Leaning Over Backwards Leaning Over Backwards

Álbumes

Tobias TobiasLeaning Over Backwards

8.1 / 10

Tobias.  Leaning Over Backwards OSTGUT TON

It’s been too long since we’ve heard anything from Tobias Freund. Those who have followed his career - up to this formidable debut - know that the German’s vintage precocity is a rare and extremely valuable gem within the current dance music scene. Both his collaborations (with Max Loderbauer in nsi. and with Ricardo Villalobos in Odd Machine) and his solo adventures were too good to not see the brilliance of this one coming. Finally, Ostgut Ton - the label he released an EP on a few years back alongside Shed - has convinced him to release the debut album he’s been promising. All the groundwork is in place. Freund is a resident DJ at PanoramaBar / Berghain: in this game, we all know the importance of a field to play in.

“Leaning Over Backwards” brings us back to the electronic concoctions of the old school. Recorded in analogue (with the Roland TR 808 and the Korg Mini Pops as the main tools), the German’s first album rejects the digital cadences of the latest generation and focuses on the search for a timeless sound - classic, purist, whatever you want to call it. Nineties flashbacks are inevitable. Freund has been in the industry for over twenty years; he is a child of the golden years of early artificial intelligence, he has their antibodies flowing through his veins. When computer sequences are rejected by your immune system, you work things out the traditional way: without special effects, without tricks, without messing around - with your naked hands.

Juicy, cosmic, beautiful and slightly introspective - the album oscillates between different frequencies. The ambient watercolours are exciting: far echoes in a sea of analogue sounds ( “Now I Know”), music for Carl Sagan documentaries ( “Observing The Hypocrtis”), fantasies halfway between Boards Of Canada and Autechre ( “Voices Told Me To Do That”), tenebrous tension with rough edges ( “Zero Tolerance”). But there are also some brilliant dance floor explorations. “Party Town” is disco-house at 200 meters below the surface (the muffled basslines are insane); “The Key” launches a stream of cosmic electro into deep space from a 1997 mini disc; “Free no.1” is an update of the Kraftwerk legacy - with extremely deep electronica and artificial melodies. No filler, no repeats, no fear of vindicating the past and no concessions to present trends. I don’t know about you, but I for one needed a record like this.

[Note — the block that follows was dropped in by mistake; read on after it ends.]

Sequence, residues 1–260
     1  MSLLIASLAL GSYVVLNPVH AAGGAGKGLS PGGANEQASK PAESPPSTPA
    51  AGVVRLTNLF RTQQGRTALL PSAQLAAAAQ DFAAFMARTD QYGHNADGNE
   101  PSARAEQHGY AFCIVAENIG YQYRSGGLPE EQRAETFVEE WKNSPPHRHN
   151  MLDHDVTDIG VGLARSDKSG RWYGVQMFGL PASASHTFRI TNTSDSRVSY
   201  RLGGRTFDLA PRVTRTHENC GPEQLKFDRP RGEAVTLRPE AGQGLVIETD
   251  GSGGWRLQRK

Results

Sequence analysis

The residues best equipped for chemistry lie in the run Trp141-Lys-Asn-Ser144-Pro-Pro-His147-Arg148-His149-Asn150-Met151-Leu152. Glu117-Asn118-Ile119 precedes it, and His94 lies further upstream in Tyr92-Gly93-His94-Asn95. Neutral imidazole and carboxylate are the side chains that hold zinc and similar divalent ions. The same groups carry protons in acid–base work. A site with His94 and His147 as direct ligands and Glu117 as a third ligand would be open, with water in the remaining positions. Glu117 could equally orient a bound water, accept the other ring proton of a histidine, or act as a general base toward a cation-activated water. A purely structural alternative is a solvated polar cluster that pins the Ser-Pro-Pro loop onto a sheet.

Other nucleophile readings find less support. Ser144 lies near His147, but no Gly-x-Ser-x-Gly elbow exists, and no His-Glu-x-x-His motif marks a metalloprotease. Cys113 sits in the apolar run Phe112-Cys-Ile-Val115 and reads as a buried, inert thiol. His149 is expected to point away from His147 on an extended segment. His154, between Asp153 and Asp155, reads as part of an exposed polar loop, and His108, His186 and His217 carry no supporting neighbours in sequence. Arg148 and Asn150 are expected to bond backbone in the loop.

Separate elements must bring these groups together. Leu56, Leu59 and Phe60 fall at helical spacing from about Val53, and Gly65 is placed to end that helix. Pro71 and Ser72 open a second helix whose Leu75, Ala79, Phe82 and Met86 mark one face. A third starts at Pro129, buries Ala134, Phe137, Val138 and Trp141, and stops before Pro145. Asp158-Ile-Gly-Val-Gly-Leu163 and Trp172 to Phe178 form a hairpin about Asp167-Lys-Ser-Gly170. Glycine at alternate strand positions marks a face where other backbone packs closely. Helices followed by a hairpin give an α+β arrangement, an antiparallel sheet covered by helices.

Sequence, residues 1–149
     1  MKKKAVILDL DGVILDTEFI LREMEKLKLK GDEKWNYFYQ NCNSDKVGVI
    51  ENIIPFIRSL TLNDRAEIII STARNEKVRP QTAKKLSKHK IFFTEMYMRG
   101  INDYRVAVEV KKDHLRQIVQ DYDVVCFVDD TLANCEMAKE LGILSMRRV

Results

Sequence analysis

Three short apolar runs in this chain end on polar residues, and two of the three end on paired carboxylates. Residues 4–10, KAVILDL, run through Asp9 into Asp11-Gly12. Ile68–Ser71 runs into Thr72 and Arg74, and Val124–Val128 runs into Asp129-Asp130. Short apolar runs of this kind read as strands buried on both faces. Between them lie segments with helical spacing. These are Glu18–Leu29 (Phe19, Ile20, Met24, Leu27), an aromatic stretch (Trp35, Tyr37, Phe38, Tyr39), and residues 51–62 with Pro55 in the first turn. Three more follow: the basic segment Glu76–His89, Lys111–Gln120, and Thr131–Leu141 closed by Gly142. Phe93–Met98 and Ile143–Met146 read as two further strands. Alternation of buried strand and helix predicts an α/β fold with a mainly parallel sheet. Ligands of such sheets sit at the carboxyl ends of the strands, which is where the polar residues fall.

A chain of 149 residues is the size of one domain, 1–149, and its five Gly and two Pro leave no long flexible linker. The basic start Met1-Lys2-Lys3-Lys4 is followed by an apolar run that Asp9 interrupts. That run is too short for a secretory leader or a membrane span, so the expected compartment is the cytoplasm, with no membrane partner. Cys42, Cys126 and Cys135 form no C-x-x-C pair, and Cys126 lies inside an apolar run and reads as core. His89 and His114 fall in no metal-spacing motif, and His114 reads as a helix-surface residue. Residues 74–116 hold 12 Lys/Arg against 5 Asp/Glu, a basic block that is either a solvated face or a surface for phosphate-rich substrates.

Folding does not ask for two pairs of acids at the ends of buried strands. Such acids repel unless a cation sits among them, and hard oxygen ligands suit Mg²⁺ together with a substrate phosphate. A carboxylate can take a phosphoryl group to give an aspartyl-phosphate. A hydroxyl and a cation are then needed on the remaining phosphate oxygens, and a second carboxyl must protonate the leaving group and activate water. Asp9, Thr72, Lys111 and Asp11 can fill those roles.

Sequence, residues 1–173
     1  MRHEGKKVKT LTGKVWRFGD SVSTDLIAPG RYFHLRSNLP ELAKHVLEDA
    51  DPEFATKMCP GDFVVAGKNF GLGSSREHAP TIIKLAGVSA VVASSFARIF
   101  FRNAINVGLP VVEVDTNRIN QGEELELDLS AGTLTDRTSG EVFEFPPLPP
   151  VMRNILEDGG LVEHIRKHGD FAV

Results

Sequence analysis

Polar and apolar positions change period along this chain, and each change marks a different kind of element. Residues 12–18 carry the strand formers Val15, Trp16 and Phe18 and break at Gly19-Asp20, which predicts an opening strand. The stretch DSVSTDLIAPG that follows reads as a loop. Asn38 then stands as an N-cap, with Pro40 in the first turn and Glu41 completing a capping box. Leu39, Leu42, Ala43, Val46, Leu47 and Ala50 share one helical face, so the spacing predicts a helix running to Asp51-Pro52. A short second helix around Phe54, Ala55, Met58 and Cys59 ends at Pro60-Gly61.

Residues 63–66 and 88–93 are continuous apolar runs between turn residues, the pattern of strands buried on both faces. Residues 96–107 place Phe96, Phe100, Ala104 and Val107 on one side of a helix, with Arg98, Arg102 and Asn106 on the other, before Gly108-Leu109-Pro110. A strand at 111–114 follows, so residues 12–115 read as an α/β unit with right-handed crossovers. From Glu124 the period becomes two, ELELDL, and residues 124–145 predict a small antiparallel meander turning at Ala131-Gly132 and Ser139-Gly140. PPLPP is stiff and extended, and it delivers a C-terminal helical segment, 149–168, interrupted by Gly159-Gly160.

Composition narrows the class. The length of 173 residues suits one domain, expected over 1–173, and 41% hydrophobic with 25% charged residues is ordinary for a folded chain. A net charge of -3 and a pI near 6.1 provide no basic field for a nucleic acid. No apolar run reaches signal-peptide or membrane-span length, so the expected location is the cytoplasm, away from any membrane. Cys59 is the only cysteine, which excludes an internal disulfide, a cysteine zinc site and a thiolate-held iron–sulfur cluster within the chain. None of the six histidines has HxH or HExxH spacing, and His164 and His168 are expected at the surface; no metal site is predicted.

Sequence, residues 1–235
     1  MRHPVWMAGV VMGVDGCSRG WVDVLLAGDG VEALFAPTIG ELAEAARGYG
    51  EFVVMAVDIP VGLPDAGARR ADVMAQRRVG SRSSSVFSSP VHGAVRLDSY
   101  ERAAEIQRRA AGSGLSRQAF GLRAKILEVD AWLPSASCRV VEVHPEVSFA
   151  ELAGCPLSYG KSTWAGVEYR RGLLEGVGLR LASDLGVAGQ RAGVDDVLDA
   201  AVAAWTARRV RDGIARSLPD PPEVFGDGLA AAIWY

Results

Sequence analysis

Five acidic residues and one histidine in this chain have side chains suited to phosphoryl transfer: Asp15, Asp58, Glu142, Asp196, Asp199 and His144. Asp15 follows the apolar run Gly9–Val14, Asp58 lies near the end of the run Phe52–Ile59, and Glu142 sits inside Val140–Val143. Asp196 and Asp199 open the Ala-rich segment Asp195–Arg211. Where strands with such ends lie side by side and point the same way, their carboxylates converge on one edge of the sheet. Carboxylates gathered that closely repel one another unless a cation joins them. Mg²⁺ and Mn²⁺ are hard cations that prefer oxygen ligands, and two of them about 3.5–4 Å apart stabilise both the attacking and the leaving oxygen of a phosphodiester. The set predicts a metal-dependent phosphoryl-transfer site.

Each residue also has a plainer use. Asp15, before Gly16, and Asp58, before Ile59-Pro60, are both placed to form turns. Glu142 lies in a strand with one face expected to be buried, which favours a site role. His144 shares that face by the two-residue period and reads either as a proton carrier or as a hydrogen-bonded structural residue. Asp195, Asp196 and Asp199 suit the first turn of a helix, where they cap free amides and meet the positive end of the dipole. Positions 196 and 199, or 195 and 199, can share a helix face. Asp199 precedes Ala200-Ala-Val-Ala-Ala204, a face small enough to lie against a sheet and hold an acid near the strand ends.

Óscar Broc

“Leaning Over Backwards”

¿Te ha gustado este contenido?...

También te gustará

theweeknd

Columnas

El villano del R&B quiere gustar a todo el mundo

En Beauty Behind The Madness, The Weeknd se lanza a la conquista del mainstream sin, por ello, comprometer su esencia.

leer más
NASA

Actualidad

Una cámara de la NASA ha capturado el cosmos con más detalle que nunca

Belleza y ciencia.

leer más
refugee

Entrevistas

Cosas que nadie te contará sobre la crisis de refugiados

¿Qué es lo que estamos presenciando? ¿Enfocamos bien el “problema migratorio”?

leer más
polio

Actualidad

Alerta sanitaria europea por la vuelta de la polio

Los infectados son una niña de cuatro años y un bebé de diez meses.

leer más
Amandla Stenberg

Actualidad

Superheroína negra y adolescente: el cómic empoderador de Amandla Stenberg

Un cómic feminista para destruir estereotipos.

leer más
faking it

Columnas

Faking It: la serie que rompe tabúes sobre la sexualidad adolescente

¿Y si un día descubres que en realidad estás enamorada de tu mejor amiga?

leer más
Allende mi abuelo Allende

Actualidad

"Mi abuelo, Salvador Allende, usaba el humor como arma de seducción"

¿Cómo era realmente uno de los mayores mitos de la política latinoamericana?

leer más
sueño

Actualidad

Este libro conseguirá que te duermas en menos de media hora

El conejito que quería dormirse es el libro más vendido en Amazon en Reino Unido, Estados Unidos, Francia, Alemania y España

leer más

cerrar
cerrar